All hospital visitors are recommended to wear a medical face mask. Expand this message for information about visiting hospital.

Last updated:
13 March 2023

Some visitor restrictions for all Te Whatu Ora Waitaha Canterbury hospitals and health facilities remain in place, but we have relaxed others.

There is still a heightened risk to vulnerable people in hospital and so we recommend all people wear a mask when visiting any of our facilities and follow other advice designed to keep patients, staff and  visitors safe.

To keep everybody safe:

  • Visitors or support people must not visit our facilities if they are unwell. Do not visit if you have recently tested positive for COVID-19 and haven’t completed your isolation period.
  • Patients may have more than one visitor, except in some situations such as multi-bed rooms where it can cause overcrowding.
  • Surgical/medical masks are recommended to be worn at all sites. Masks will be provided if you don’t have one.
  • For Specialist Mental Health Services everyone is strongly encouraged to wear a face mask in all inpatient areas and areas where consumers are receiving care (i.e. community appointments, home-visits, transporting people). Discretion may be applied in cases where masks impair your ability to communicate effectively.
  • Visitors must not eat or drink in multibed rooms because of the increased risk when multiple people remove their face mask in the same space.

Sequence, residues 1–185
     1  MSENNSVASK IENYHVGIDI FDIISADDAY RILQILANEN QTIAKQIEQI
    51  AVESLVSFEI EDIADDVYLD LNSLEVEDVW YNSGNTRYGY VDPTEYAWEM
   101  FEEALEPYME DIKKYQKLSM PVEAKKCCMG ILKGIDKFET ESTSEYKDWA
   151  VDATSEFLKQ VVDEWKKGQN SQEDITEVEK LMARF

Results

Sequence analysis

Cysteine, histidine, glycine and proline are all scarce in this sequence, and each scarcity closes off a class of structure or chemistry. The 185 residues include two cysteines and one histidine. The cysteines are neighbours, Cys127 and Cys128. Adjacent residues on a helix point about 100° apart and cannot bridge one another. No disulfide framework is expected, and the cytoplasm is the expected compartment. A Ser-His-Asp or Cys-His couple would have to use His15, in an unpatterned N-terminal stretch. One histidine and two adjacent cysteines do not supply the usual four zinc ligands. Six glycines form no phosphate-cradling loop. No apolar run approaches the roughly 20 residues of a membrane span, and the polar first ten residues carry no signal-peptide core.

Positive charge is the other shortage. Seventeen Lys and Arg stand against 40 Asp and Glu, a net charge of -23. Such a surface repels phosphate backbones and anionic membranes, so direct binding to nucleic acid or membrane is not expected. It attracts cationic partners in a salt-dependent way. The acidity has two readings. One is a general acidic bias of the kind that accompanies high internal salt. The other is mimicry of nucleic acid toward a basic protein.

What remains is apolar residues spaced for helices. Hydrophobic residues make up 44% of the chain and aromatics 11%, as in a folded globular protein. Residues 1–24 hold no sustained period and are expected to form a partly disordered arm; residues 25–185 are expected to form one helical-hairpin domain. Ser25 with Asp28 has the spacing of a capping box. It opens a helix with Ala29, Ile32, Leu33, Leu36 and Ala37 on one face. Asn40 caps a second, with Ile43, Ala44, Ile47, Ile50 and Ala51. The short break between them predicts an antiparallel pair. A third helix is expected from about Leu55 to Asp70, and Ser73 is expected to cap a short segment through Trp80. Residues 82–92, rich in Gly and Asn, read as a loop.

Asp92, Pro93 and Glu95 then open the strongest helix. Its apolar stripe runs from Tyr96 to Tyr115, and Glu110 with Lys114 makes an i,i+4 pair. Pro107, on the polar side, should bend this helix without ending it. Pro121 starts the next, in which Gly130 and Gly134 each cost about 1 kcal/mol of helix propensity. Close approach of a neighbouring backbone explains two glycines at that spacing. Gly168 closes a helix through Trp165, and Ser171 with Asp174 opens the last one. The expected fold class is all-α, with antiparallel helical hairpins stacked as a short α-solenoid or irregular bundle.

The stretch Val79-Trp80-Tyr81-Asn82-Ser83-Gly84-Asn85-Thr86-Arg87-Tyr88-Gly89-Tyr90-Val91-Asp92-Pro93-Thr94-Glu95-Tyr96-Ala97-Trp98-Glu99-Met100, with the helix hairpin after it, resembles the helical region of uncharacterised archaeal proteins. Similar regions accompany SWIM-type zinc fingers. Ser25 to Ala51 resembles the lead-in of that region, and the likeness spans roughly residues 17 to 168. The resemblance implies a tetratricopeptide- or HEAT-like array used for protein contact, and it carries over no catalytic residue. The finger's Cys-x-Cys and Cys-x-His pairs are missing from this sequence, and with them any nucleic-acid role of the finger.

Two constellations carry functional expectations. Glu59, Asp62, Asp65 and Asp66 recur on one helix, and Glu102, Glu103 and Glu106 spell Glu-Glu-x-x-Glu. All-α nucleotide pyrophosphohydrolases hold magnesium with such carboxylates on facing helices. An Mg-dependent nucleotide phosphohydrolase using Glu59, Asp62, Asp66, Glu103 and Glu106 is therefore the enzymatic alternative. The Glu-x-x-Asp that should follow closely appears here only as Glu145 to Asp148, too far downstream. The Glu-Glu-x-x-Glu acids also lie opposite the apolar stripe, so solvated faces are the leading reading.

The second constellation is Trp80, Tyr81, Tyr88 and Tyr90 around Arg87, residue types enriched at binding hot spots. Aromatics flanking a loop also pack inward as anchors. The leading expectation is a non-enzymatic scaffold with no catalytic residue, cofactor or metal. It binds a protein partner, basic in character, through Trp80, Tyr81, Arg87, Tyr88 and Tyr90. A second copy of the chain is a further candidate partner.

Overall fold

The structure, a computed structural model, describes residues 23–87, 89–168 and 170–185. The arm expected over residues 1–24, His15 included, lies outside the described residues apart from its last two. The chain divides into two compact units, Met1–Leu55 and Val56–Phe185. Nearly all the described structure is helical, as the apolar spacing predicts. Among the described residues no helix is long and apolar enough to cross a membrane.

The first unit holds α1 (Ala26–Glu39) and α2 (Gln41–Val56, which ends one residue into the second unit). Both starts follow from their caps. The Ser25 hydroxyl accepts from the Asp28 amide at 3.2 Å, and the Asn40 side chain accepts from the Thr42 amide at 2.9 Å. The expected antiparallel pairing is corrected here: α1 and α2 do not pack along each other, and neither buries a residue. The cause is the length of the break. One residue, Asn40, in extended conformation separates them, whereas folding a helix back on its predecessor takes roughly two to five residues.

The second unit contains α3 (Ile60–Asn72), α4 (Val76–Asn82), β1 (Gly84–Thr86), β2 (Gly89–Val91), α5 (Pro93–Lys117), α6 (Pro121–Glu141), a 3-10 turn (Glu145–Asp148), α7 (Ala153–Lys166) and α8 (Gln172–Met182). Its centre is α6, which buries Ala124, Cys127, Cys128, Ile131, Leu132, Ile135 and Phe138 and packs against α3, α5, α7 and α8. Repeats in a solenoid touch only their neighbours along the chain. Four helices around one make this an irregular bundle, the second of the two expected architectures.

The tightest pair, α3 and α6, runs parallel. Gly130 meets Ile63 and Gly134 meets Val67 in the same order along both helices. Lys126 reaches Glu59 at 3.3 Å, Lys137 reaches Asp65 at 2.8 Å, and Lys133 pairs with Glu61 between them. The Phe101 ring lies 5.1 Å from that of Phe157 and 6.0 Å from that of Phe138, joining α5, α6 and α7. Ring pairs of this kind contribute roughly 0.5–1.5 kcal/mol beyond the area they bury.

• Hand sanitiser is available and must be used.

Thank you in advance for your patience and understanding as our staff work hard to protect and care for some of the most vulnerable in our community.

Visiting patients with COVID-19

  • People can visit patients who have COVID-19 but they must wear an N95 mask – this will be provided if you don’t have one.
  • Other methods of communication will be facilitated e.g. phone, Facetime, Zoom, WhatsApp etc where visits aren’t possible.

All of our Hospitals

Visiting hours for our hospitals have returned to pre COVID-19 hours with the exception of Christchurch Women’s Hospital.

All visitors are recommended to wear a medical face mask.

Parents/caregivers are able to be with their child in hospital and visitors are now allowed, except for the Children’s Haematology and Oncology Day stay where just one parent/caregiver is able to attend their appointment with their child. Exceptions by special arrangement only.

Patients and visitors should also read the additional more detailed visiting guidelines for each specific hospital.

More COVID-19 information

Measles case prompts immunisation warning

Friday 11 December 2015Media release3 minutes to read

THIS IS AN ARCHIVED PAGE. The advice and information contained in this page may not be current and it should only be used for historical reference purposes.

Health officials have issued a measles warning following confirmation an infected tourist has visited Wellington, Marlborough, and Canterbury in the past week.